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Keywords:

  • Cognitive Behaviour Therapy/Methods;
  • Bulimia Nervosa;
  • Computer-assisted Protocol-directed Therapy;
  • Controlled Clinical Trials;
  • Internet Intervention;
  • Bibliotherapy
Background

Manualized cognitive–behavioural treatment (CBT) is underutilized in the treatment of bulimic symptoms. Internet-delivered treatment may reduce current barriers.

Objective

This study aimed to assess the efficacy of a new online CBT of bulimic symptoms.

Method

Participants with bulimic symptoms (n = 105) were randomly allocated to online CBT, bibliotherapy or waiting list/delayed treatment condition. Data were gathered at pre-treatment, post-treatment and 1-year follow-up.

Outcome Measures

The primary outcome measures were the Eating Disorder Examination Questionnaire (EDE-Q) and the frequency of binge eating and purging episodes. The secondary outcome measure was the Body Attitude Test.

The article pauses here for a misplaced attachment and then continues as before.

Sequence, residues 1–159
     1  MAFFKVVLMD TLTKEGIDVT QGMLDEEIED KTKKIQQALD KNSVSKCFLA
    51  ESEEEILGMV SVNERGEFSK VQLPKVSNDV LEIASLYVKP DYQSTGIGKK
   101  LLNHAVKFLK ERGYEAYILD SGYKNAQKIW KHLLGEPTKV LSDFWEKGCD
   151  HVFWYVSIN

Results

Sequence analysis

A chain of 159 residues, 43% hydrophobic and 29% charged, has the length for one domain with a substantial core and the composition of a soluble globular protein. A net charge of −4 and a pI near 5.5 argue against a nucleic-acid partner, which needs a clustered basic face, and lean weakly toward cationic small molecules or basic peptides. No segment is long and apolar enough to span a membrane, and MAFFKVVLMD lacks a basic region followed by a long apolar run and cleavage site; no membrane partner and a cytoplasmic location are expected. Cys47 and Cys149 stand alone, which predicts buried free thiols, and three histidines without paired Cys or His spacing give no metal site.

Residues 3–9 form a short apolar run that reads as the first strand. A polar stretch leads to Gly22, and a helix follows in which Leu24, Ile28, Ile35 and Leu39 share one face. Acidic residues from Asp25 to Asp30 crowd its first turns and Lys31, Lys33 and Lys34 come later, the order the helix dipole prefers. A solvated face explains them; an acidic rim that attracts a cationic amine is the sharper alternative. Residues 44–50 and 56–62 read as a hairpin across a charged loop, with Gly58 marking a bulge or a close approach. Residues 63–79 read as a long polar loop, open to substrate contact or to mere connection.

Results

Dropout from Internet treatment was 26%. Intention-to-treat ANCOVAs of post-test data revealed that the EDE-Q scores and the frequency of binging and purging reduced more in the online CBT group compared with the bibliotherapy and waiting list groups (pooled between-group effect size: d = 0.9). At 1-year follow-up, improvements in the online CBT group had sustained.

Conclusion

This study identifies online CBT as a viable alternative in the treatment of bulimic symptoms. Copyright © 2012 John Wiley & Sons, Ltd.

Key Practitioner Message
  • In comparison with no treatment and unsupported bibliotherapy, online CBT induces strong reductions in bulimic symptoms.
  • Internet-delivered treatment may provide an acceptable treatment alternative for bulimic patients who are reticent about face-to-face contact.
  • Therapist support appears to be a critical determinant of treatment adherence and effectiveness.
  • Unsupported bibliotherapy may have only small immediate effects but may increase the probability of recovery in the long term by promoting positive attitudes towards treatment.